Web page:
Screenplay by Irving Ravetch & Harriet Frank, Jr., based upon the novel The Hamlet and other short stories
by William Faulkner
Directed by Martin Ritt
Starring Paul Newman, Joanne Woodward, Orson Welles, Angela Lansbury, Lee Remick, and Anthony Franciosa
- AMC Backstory episode
- Film news reel
- Original trailer
Released by: Fox
Rating: NR, safe for about 13+
My Advice: Buy it.
The Long Hot Summer tells the story of young Ben Quick (Newman), the son of a known barnburner who has himself just been accused of burning a barn. As a result, Quick finds himself looking for a job in a rural Mississippi town run and mostly owned by a local wealthy merchant named Varner (Welles). Varner gives Quick a job and soon learns that his new employee has unexploited talent for being a con man and assistant to Varner, a warmhearted crook. Quick also runs rather afoul of Varnerís daughter Clara (Woodward), who thinks heís dishonest and "dirty," and Varnerís son Jody (Franciosa), who thinks that his father is trying to replace him with Quick.
The film was based upon several stories and one novel by Faulkner, and as a classicist, I tend not to like American fiction at all. However, this film makes the most of Faulknerís humor and understanding of human psychology, with none of the angst or heavy-handed darkness that you might expect from a "classic" film. If you have it in your head that a film based upon something you studied in school has to be boring or more like homework than entertainment, then this is the film that will prove you wrong. Yes, it has important things to say about the repression inherent in Southern culture, but itís still just a bloody good film thatís just plain fun to watch.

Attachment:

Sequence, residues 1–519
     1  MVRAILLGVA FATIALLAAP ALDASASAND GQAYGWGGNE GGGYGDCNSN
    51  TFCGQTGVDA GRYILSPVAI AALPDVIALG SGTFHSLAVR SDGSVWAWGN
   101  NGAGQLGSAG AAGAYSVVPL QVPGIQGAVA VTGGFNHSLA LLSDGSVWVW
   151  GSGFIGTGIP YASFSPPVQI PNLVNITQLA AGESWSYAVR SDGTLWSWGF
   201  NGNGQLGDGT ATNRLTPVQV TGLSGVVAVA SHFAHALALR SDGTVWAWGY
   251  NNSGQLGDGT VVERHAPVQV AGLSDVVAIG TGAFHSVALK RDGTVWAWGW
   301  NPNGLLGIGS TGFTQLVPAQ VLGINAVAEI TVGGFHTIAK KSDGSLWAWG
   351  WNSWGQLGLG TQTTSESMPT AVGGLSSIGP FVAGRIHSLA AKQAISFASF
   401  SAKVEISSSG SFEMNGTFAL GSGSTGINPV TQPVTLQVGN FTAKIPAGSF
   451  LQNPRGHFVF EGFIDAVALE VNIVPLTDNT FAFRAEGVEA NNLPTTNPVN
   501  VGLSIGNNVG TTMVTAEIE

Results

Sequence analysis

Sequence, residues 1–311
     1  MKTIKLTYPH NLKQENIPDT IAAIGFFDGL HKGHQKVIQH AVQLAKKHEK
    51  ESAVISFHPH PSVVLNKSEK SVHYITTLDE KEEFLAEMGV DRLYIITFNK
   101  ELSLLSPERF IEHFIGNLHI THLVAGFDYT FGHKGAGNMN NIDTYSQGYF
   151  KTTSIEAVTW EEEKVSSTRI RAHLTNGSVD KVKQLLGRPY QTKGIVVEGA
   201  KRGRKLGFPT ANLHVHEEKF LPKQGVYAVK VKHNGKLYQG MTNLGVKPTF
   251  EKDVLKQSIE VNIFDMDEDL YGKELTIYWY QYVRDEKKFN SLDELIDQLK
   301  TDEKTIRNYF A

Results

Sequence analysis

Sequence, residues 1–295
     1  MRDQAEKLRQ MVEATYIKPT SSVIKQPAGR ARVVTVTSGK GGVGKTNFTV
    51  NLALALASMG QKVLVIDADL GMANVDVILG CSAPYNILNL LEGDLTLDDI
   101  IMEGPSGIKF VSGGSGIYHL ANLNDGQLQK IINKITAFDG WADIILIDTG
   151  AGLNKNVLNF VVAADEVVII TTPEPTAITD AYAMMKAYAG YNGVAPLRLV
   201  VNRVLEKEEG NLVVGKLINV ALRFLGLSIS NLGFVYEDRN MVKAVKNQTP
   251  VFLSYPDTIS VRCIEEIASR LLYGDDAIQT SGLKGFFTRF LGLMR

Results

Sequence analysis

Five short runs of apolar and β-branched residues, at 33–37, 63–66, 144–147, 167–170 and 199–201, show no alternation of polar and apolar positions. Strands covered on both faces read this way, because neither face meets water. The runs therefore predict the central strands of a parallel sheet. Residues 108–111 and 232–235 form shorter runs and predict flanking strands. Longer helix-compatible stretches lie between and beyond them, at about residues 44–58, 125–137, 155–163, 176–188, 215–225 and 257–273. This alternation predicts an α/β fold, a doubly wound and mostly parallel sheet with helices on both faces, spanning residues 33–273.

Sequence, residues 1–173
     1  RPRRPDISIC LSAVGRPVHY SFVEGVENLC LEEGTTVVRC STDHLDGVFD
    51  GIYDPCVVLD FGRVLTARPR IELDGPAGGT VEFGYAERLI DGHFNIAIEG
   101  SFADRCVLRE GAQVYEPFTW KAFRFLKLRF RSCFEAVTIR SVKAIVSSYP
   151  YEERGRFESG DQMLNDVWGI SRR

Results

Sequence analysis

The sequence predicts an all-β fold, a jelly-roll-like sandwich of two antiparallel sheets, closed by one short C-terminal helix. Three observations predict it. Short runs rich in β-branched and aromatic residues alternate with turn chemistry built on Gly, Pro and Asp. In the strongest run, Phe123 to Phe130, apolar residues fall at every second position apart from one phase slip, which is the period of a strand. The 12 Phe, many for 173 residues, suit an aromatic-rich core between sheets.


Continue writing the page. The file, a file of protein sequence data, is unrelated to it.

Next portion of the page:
One of the major themes in this movie is that of repressed desire. Quick has several desires, mostly involving finding respect and a home, and Clara has desires herself, mostly involving Quick and her long-time, but cold, suitor Alan Stewart (Richard Anderson). Varner has desires involving the "prize bull" Quick giving him grandchildren with his daughter, and Jody desires respect and love on the part of his father, but he knows that he can never really be what his father wants him to be. Much has been made of the sexual tension in this film, and there certainly is a lot of it, but it is not as overt in the film as one might think. There is, for example, not even a single on-screen love scene, and the lead romantic couple only kiss a couple of times. What is more important here is what is not said, but should be, and what is not shown, but that the characters want to show. Double-entendres proliferate, but would probably go over the head of anyone you might fear shouldnít see this film, so donít worry on that score.
The disc also has a few good special features. The DVD contains an episode of AMCís show Backstory, focusing on this film, wherein we get to see an interview with married couple and film leads Woodward and Newman. Their ability to share anecdotes and details truly made this film special; itís too bad that more classic movies are not graced with this kind of treatment, as Backstory made a great number of fine episodes.
The audio and video quality are both quite good here, especially considering the age of the original film. The colors are at times a bit sun-faded, but that fits with the Southern locale and the theme of brightness. The film is everything you would expect from such a cast--by turns dramatic or sweet, amusing or suspenseful.
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